Innovative Medical Technology Helps Patients with Muscular Dystrophy
Taped on the campus of NJIT, Steve Adubato goes One-on-One with Madeline Corrigan, Post Doctoral Research Associate in the Department of Biomedical Engineering and Post Doctorial Research Associate at NJIT, to discuss how she is helping develop technology that would change the lives of patients with muscular dystrophy.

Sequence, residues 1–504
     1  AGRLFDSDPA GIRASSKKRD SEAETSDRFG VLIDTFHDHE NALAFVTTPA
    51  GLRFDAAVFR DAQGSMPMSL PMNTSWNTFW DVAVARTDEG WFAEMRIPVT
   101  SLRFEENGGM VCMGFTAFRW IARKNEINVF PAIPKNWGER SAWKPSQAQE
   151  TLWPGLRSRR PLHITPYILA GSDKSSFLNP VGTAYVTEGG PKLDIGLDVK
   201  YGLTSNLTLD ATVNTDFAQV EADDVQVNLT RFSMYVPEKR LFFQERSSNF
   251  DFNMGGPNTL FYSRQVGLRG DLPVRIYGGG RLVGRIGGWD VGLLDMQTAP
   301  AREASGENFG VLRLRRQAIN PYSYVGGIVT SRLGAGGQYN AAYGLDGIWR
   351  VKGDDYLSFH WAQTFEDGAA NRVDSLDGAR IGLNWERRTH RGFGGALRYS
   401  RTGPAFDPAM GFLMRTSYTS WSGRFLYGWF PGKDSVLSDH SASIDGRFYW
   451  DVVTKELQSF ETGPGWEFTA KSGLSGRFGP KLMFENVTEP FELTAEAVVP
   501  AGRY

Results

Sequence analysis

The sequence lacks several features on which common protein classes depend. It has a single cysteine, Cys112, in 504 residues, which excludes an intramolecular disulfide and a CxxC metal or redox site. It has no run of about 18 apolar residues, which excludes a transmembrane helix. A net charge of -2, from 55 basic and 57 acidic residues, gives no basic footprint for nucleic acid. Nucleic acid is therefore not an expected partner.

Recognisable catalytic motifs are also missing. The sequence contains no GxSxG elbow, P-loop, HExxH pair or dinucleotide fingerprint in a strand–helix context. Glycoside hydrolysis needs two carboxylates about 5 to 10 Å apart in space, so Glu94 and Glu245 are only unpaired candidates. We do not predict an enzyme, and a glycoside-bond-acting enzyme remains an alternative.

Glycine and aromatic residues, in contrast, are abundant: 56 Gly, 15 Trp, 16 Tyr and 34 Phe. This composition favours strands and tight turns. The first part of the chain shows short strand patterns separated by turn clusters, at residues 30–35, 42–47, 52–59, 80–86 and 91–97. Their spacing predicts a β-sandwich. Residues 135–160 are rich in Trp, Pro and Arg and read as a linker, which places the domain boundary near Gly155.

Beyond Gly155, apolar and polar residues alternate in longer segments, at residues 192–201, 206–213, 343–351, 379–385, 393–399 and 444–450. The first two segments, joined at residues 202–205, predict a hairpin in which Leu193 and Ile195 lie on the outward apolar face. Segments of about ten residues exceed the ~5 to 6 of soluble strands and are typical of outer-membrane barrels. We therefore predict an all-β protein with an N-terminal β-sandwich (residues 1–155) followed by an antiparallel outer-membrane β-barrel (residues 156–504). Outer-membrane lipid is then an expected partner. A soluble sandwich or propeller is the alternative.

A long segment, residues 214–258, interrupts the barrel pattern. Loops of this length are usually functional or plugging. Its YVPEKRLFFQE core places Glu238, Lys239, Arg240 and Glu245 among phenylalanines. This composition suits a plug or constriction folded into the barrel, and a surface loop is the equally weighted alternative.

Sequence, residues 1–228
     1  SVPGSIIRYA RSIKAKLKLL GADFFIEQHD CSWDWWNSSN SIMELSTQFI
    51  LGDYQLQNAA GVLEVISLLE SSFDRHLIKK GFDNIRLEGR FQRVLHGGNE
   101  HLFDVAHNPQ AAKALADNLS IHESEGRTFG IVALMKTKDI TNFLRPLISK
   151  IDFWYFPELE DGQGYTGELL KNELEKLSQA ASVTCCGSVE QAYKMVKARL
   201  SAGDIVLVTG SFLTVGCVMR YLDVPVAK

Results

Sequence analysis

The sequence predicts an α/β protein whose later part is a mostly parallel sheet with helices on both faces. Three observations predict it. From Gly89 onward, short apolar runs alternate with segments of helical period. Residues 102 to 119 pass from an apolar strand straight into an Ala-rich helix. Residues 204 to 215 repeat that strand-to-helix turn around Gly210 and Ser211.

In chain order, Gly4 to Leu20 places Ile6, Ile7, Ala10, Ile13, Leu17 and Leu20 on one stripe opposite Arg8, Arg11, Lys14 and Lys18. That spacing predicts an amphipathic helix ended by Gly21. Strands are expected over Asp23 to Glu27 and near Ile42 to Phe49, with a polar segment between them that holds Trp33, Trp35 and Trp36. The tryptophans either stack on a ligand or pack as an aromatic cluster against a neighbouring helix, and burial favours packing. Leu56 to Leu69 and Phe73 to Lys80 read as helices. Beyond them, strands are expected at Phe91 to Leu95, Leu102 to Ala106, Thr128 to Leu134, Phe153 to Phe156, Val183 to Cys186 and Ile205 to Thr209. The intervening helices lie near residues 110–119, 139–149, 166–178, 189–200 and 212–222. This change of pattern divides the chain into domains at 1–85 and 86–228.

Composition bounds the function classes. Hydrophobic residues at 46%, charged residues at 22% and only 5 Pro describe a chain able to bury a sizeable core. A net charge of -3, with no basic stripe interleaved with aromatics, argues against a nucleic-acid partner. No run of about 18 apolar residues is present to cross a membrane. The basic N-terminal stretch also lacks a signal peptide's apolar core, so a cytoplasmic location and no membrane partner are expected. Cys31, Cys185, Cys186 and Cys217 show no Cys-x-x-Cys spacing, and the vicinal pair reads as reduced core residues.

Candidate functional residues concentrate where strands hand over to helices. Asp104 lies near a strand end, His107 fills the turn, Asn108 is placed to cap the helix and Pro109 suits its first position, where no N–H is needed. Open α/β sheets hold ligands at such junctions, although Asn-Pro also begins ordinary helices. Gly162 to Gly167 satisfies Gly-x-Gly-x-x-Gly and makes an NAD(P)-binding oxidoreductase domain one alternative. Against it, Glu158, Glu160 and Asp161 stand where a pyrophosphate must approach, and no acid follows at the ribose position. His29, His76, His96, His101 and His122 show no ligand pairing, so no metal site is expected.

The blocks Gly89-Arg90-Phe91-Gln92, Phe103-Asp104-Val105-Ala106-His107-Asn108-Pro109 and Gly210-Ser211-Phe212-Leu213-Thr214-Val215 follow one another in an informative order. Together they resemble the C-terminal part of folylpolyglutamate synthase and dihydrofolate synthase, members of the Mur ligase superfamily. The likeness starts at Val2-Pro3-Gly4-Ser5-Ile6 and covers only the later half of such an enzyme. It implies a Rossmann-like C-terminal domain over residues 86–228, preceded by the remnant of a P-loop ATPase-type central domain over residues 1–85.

"Hi. My name is Zachary Smith. I'm the dissemination consultant for NJIT for the upcoming study of the new adaptive arm supports initiative called Project Continuum. Project Continuum is being developed by Talem Technologies to help people like me live a more independent life. Wow. Now we're gonna find out more about that research. We're joined by Doctor Madeline Corrigan, who is a postdoctoral research associate, the Department of Biomedical Engineering here at NJIT. Good to see you. Good to see you. What were we just looking at? Thanks for having me. So what you're looking at there is an individual that we have involved in one of our research projects. And as you can see from the video, he is actually an individual with Duchenne muscular dystrophy. Duchenne...? Muscular dystrophy. ...muscular dystrophy? Correct. And one great thing about our project and sort of my philosophy on research and development is ensuring that the user of whatever product we're developing is involved in every step of that process. How so? In defining user needs, and sort of being a checkpoint along the way to make sure we're properly meeting those needs. It can't be about what a researcher thinks somebody wants, or a creative way that they may think solves a problem. It's about making sure that these individuals find a real use. And not only that it could potentially solve a problem, but that it can fit into their lives in a way that's unobtrusive and doesn't provide any additional barriers in other aspects of their lives. This research? Mm hmm. Potentially improving the quality of life for those who are dealing with muscular dystrophy. Why does this matter to you so much? This matters to me because I really got involved in this research for a very personal connection that I had to the community already. 13 years ago, back when I lived in Minnesota, I started volunteering for the Muscular Dystrophy Association Summer Camps, which is a set of camps across the country where for a weeklong overnight camp, kids with neuromuscular conditions can come and just be kids without barriers. I've been volunteering there now for 13 years. It got me very interested in assistive technology, and sort of the specific community, and then in college I ended up being paired with a roommate who just so happened to be a former camper at that camp, and we became quick friends, and lived with each other for the next three years through college. And that just further instilled in me the importance of assistive technologies to allow these individuals to live their lives instead of spend..."